Filmed in the South Carolina lowcountry in 2010 and 2011, Stay in de Boat features voices from the Gullah/Geechee community (including: Elder Carlie Towne, Ron Daise, Carolyn “Jabulile” White, and Queen Quet, among others) who discuss their experiences, dreams, and hopes for the future of their people, their language and their culture. The film was funded by a grant from the South Carolina National Heritage Corridor with matching funds from the College of Charleston. It premiered at CofC on October 27, 2011 accompanied by performances from community members and project interviewees. Since then it has been featured in the 2012 Gullah Film Series at Charles Pinckney National Historic Site, nominated for the State of South Carolina Heritage Award in January of 2012, and continues to be used in undergraduate and graduate courses on the ‘American Experience’, Anthropology, and Education across the United States.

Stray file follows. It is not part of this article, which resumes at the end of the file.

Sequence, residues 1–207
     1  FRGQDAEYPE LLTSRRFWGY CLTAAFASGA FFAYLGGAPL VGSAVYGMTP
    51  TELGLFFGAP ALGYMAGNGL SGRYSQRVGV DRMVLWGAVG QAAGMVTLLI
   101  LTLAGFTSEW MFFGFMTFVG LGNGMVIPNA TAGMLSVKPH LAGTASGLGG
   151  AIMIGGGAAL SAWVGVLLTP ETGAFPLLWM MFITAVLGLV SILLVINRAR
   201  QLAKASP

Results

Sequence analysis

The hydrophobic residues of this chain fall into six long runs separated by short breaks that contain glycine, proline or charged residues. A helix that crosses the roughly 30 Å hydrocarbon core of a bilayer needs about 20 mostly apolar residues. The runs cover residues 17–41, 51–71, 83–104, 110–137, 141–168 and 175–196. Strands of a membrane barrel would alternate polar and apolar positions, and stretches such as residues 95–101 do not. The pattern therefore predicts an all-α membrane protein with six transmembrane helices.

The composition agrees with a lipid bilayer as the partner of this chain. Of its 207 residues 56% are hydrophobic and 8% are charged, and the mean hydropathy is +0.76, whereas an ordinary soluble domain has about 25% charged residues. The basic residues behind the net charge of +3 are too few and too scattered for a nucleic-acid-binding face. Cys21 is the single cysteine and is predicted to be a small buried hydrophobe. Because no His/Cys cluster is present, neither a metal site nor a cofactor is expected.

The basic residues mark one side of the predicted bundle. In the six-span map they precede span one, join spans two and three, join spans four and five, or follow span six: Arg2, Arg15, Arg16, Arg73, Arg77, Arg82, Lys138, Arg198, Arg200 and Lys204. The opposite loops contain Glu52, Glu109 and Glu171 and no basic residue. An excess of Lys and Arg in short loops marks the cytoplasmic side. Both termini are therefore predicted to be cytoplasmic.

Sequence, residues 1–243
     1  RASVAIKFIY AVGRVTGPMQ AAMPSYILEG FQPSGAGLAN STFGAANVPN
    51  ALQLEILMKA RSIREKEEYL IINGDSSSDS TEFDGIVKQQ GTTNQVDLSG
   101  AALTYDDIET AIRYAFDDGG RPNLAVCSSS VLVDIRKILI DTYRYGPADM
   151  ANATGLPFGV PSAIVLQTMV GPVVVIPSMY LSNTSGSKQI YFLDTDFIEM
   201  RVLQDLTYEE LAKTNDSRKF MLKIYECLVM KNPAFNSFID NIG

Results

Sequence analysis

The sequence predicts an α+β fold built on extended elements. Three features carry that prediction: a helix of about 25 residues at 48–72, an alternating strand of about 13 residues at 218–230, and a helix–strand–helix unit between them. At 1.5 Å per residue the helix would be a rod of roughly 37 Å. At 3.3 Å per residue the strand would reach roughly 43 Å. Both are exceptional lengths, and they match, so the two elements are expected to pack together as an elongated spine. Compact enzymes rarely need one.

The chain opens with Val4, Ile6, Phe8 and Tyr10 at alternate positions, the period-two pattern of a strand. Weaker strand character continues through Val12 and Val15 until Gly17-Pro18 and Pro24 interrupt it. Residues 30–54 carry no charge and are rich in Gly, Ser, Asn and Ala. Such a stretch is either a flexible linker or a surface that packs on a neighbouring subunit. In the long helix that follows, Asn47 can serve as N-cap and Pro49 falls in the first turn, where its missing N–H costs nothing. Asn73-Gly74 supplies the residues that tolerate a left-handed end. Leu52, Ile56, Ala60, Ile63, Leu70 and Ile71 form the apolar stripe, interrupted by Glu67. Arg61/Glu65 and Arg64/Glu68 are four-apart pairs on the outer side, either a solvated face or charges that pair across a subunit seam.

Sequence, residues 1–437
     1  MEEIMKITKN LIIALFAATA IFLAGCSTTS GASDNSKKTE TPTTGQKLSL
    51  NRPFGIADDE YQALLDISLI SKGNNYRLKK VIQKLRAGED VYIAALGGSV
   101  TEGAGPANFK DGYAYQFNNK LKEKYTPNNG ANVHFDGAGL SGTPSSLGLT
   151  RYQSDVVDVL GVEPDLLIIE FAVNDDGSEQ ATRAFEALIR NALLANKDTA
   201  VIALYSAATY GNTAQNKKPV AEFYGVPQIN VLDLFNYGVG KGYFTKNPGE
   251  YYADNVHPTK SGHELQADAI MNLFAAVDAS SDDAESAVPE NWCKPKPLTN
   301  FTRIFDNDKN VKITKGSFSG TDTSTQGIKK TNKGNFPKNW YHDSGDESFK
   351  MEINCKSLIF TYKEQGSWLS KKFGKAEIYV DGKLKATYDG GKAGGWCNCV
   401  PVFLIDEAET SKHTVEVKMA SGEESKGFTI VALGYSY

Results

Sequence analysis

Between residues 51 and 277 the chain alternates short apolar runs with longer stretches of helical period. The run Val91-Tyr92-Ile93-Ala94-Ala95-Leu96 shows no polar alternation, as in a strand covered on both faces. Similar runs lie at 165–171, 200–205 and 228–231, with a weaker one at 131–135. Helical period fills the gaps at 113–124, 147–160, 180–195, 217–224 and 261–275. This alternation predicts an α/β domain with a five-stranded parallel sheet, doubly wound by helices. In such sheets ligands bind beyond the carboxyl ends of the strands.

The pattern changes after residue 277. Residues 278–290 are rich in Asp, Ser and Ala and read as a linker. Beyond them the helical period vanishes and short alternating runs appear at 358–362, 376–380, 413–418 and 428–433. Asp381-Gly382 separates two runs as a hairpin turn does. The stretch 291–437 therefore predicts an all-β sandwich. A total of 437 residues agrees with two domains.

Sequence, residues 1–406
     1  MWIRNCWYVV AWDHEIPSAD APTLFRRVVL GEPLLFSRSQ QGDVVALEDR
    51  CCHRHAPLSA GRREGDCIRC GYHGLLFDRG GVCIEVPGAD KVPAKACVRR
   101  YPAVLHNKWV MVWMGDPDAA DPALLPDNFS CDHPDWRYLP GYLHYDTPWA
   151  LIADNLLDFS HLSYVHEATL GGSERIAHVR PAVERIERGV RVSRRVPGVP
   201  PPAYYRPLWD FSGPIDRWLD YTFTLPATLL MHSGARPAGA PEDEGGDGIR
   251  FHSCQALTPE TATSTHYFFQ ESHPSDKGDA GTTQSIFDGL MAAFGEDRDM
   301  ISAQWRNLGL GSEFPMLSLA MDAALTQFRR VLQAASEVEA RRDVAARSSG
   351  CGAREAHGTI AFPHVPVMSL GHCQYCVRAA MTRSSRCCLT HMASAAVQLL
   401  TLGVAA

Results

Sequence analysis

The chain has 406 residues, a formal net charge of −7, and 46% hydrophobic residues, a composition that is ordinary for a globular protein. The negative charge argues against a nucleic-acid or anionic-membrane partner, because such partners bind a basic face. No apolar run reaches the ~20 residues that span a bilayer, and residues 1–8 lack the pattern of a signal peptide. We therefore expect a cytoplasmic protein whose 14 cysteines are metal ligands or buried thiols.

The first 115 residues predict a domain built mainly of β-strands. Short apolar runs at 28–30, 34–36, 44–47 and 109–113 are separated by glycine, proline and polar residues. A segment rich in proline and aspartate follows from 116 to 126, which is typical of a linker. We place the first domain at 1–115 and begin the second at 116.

Founded by Amberjade Taylor and Michael Broderick in the winter of 2012, Iron Rabbit Films aims to explore different material aspects of religious life, personal identity and narrative history, and the relationships between changing socio-political conditions and traditional cultures. Currently our focus is on documenting the religious lives and experiences of marginalized, exiled, and minority people in India, Tibet, and Japan.